From Vandal to Legend: ‘Wild Style’ Graffiti Pioneer Lee Quinones on NY Street Art

Lee Quinones in his Studio, 2015. (Photo: Nicole Klagsbrun)

Lee Quinones in his Studio, 2015. (Photo: Nicole Klagsbrun)

In 1975, New York City’s subway cars were the canvas of choice for artist Lee Quinones, aka LEE, and his work could be seen all over town. Now, almost 40 years later, the artist is taking a look back at his beginnings with a pop-up show of his first drawings at Nicole Klagsbrun’s Lower East Side gallery, on view through June 7. The show is a mix of old and new, featuring never before shown sketches for the subway murals that helped earn him a spot in history as one of the leading figures of contemporary street art, a brand new painting, and 10 recent drawings.

Mr. Quinones’ early graffiti work caught the eye of the art world, and lead him to shows like the seminal “Times Square Show” in 1980, exhibitions at the New Museum, MoMA, and Documenta in Kassel, Germany, as well Gladstone Gallery, Galerie Rudolf Zwirner, and Lisson Gallery. And of course, you may recognize him if you’ve seen Charlie Ahearn’s 1983 film Wild Style.

Hagar the Horrible (1978). (Photo: Nicole Klagsbrun)

Hagar the Horrible (1978). (Photo: Nicole Klagsbrun)

In the early drawings, some as long as 45-inches across, Mr. Quinones’ inspiration came via New York’s struggling economy, Vietnam-era politics, and comics and cartoons.

“I was highly inspired by the comics of Jack Kirby and Stan Lee, and the advertisements of the time. There was comfort in the fantasy of it,” Mr. Quinones told the Observer by phone, while working in his studio. “Art is a huge part of social maintenance, it’s the true word on the street.”

The Fabulous 5ive (1976). (Photo: Nicole Klagsbrun)

The Fabulous 5ive (1976). (Photo: Nicole Klagsbrun)

In Hagar the Horrible (1978), a drawing done in marker and spray paint which became a full scale subway car mural on the 2 train line later that year, a band of warriors stumble upon a tombstone for the artist, inscribed with the word “Loner.” A bright red and orange sunset fills the background, a flood of rainbow colors pour across the page, and a hand emerges from the grave.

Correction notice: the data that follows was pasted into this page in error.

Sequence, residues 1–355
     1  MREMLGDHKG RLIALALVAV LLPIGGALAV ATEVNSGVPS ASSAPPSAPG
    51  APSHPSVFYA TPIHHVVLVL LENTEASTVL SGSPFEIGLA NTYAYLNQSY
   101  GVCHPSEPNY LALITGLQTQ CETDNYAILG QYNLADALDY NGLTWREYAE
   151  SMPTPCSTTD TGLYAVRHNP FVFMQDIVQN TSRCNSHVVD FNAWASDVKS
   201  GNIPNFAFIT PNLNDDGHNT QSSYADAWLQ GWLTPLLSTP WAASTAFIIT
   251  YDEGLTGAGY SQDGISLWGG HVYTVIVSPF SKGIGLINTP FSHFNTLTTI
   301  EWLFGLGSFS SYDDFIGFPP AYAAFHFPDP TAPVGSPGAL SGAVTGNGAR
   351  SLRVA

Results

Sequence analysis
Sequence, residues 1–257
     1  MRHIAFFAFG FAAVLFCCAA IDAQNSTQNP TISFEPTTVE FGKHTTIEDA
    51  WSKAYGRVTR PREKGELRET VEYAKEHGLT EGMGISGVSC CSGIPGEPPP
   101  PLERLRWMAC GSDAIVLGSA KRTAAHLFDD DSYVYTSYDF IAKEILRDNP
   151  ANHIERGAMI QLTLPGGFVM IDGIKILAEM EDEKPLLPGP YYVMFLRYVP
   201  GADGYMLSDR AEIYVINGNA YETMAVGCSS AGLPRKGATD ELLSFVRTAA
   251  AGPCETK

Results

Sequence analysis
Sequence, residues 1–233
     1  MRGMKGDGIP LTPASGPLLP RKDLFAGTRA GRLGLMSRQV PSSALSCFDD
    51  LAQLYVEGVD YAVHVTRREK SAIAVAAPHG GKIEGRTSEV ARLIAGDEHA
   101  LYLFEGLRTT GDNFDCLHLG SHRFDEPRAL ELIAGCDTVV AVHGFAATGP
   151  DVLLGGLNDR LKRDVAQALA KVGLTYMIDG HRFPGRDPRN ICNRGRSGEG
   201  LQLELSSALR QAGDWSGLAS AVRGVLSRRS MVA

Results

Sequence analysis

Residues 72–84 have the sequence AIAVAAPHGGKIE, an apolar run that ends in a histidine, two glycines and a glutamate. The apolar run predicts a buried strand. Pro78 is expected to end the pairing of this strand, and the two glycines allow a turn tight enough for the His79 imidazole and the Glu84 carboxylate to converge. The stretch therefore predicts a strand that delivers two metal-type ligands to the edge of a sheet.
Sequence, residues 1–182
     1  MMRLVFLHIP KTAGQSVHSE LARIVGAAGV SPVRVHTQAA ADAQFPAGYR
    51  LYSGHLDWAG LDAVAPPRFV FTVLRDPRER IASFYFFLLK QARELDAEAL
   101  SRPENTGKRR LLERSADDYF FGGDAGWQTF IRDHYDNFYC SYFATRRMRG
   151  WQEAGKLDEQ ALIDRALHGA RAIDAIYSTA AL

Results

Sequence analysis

“The old work is very dark, young, and heroic—there was a sense of urgency about the time. I was being very sarcastic with my work. And they’re also very wild and colorful,” he explained.

Jesus Christ: Superstar. (1977). (Photo: Nicole Klagsbrun)

Jesus Christ: Superstar. (1977). (Photo: Nicole Klagsbrun)

Jesus Christ: Superstar (1977) a blueprint for two separate murals juxtaposes the silhouettes of Vietnam soldiers, factory towers, and warheads, with a candy-colored pastoral landscape. Christ appears in the center, the phrase “Forgive Them” above his head, and he’s flanked with the text “Earth is Hell,” and “Heaven is Life.”

Today, the style he once borrowed and appropriated has become synonymous with mainstream pop culture. “Ironically the corporate sector now is influenced by our work,” he said. “Pop culture, as hip and swanky as it can be, has a slow pace for catching up on itself. It takes time for things to be digested. I always knew that this was something special.”

A mural by the artist at Nicole Klagsbrun's LES gallery. (Photo: Nicole Klagsbrun)

A mural by the artist at Nicole Klagsbrun’s LES gallery. (Photo: Nicole Klagsbrun)

Mr. Quinones’ hometown has changed dramatically since the years the drawings were made. Crimes rates in New York have gone down, and people are moving to the city in larger numbers than ever before. Street art is also a global phenomenon, and its inspired museum retrospectives like MOCA Los Angeles’ blockbuster “Art in the Streets” and TV shows like Oxygen’s Street Art Throwdown.

How does he feel about that?

“Street Art revitalizes what the city has and probably will always have: the urgency to speak out,” said Mr. Quinones. “There are so many more voices—maybe too many—but there’s some really great work going up.”

Golpe de Suerte (2013). (Photo: Nicole Klagsbrun)

Golpe de Suerte (2013). (Photo: Nicole Klagsbrun)

Mr. Quinones’ work has changed too. Golpe de Suerte (2013), which translates to “serendipity,” is a reflection on family and identity. The piece includes recipes and writings by the artist’s mother, collaged together with personal items, and is a standout among his newest works.

“I love sneaking a message in disguise. I like to work less now, to bring more to the plate. And my new work reflects that. It’s more of a spiritual, personal piece— probably the most personal I’ve made my whole life.”